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Posts Tagged ‘Jackson Miles Abbott Wetland Refuge’

What’s your strategy for beating the heat? One of the favorite approaches here in the Washington D.C. area is to stay indoors with the air conditioning cranked up. For a wildlife photographer, though, that is not really an option. My subjects manage to survive in the heat of the day and I need to be other there if I want to photograph them.

Birds seem to be most active early in the day and late in the day, when temperatures are usually coolest, but many dragonflies seem to thrive in bright, direct sunlight. How do they do it? How do they regulate their body temperatures?

If you have ever observed dragonflies on a hot summer day, you may have seen some of them perching in a hand-stand like position, like an Olympic gymnast. This is often referred to as the obelisk posture. The abdomen is raised to minimize the surface area exposed to the sun and when the sun is close to directly overhead, the vertical alignment of the dragonfly’s body suggests an obelisk, like the Washington Monument that I see every time that I venture into the city.

Here are a couple of shots of a Lancet Clubtail dragonfly (Gomphus exilis) that I spotted this past Monday at Jackson Miles Wetland Refuge, only a few miles from where I live. Unlike some clubtail dragonflies, like the Dragonhunter that I featured recently, the Lancet Clubtail is pretty small, about 1.7 inches (43 mm) in length. What I find to be particularly stunning about this dragonfly are its deep blue eyes, which seemed to draw me in.

Initially the dragonfly had its abdomen at an angle, but gradually it kept raising it higher until it ended up in an almost perfect obelisk pose. If I were a judge at the Olympics, I would give this dragonfly a perfect score of 10.

Lancet Clubtail

Lancet Clubtail

© Michael Q. Powell. All rights reserved.

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I love close-up photography, but sometimes it is good when necessity (or choice) compels me to shoot from a distance. This image has the simplest of compositions—a damselfly and a stalk on which to perch—but I like the way that the elements combined to create a sense of tranquility when I captured this moment this past Monday at Jackson Miles Abbott Wetland Refuge.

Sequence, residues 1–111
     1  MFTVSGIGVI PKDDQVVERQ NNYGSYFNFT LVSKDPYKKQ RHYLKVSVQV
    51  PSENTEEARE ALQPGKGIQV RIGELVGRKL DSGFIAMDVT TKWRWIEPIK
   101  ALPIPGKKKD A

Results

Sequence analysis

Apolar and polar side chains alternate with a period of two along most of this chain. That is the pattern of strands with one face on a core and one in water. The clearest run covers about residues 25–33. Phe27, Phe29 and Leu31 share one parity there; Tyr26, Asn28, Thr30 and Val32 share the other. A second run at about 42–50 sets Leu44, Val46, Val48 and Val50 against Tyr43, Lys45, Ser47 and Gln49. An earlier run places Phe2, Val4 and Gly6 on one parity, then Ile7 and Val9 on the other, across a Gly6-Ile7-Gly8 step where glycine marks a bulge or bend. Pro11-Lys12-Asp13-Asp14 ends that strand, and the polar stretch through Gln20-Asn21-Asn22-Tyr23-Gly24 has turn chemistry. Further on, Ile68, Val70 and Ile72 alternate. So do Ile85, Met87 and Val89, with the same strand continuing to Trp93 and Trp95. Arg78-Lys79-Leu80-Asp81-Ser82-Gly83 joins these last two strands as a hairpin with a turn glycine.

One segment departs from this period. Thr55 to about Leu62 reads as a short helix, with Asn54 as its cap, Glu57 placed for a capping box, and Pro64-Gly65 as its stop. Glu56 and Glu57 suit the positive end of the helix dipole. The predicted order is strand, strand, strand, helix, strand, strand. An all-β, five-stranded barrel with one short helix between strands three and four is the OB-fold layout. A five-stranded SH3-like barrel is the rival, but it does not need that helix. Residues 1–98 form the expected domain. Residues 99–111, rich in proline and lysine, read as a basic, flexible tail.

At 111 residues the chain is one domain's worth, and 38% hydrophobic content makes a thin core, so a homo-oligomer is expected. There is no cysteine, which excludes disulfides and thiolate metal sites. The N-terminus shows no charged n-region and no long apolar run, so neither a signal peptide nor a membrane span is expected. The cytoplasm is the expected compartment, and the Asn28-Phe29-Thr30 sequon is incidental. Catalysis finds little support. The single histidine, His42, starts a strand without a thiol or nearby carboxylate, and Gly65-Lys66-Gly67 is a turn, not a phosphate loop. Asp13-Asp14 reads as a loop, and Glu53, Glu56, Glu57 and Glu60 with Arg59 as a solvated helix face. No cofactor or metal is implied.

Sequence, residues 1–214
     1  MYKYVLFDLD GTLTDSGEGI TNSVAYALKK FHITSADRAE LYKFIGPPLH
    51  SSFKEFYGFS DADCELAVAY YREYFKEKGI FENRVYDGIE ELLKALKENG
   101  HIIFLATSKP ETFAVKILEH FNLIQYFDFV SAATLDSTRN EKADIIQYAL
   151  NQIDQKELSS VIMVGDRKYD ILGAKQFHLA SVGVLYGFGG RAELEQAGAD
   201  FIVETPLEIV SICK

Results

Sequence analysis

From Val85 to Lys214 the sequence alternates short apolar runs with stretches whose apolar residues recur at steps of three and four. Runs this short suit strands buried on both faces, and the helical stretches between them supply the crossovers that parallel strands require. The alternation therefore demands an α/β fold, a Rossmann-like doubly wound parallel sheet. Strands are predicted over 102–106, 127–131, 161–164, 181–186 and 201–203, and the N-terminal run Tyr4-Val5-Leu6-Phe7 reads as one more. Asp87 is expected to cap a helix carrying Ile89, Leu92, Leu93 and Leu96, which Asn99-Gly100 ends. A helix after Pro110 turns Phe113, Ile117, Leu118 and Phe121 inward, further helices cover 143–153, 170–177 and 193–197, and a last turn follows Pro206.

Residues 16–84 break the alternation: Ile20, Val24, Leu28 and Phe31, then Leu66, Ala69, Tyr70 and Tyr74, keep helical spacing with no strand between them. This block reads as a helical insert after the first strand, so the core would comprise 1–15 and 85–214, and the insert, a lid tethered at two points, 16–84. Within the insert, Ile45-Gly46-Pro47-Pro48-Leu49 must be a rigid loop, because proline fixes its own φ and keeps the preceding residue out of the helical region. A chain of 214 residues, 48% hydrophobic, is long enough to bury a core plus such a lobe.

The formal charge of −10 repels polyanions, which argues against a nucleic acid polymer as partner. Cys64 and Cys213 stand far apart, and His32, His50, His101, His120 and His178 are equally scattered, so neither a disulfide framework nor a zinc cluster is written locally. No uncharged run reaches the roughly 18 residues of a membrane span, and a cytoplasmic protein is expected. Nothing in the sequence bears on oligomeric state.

As I recall, the light was coming from in front of me, which caused the damselfly to appear as a partial silhouette. Without the normal color information, it’s hard for me to identify the species of damselfly with any degree of certainty. One of the experts on a Facebook forum, however, suggest that it might be a Variable Dancer damselfly (Argia fumipennis), the sames species that appears at the top of my blog’s home page.  As for the dried-out stalk that serves as a perch for the damselfly, I have no idea what kind of plant it is.

tranquil damselfly

© Michael Q. Powell. All rights reserved.

 

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I don’t know for sure if there were babies in this nest on Monday, but this adult Blue-gray Gnatcatcher (Polioptila caerulea) kept bending forward into the nest, including the moment in the first image when it had what looked to be an insect in its mouth. Was it feeding some young ones? I have seen numerous photos this spring of baby birds with wide open mouths and I have been longing to capture some images like that.

Several weeks ago I watched as two gnatcatchers worked on this nest at Jackson Miles Abbott Wetland Refuge here in Northern Virginia. I marveled at their patience and at their amazing craftsmanship. They would bring small bits of material into the nest (spider webs and lichen from what I have read) and place them carefully. Then they would rotate their bodies while sitting in the nest to compact the material.

It was a bit of a challenge to capture these shots. I was shooting upwards and there was a leafy canopy that filtered out a lot of the light. I also tried really hard not to disturb the birds, so I kept my distance, avoided using flash, and limited the time that I was shooting.

Are there babies in the nest? If they are not there now, they should be coming soon. I will be sure to check out the nest when I return to this little wetland refuge some time in the near future and maybe then I will be able to capture shots of the little ones being fed.

 

Blue-gray Gnatcatcher

Blue-gray Gnatcatcher

 

© Michael Q. Powell. All rights reserved.

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Blue Dasher dragonflies (Pachydiplax longipennis) are one of the most common and widespread dragonfly species in my area. You can get so used to their presence that you stop paying attention to them, which I think is a mistake, for in doing so you will miss their amazing beauty. The colors and patterns of this little dragonfly are stunning.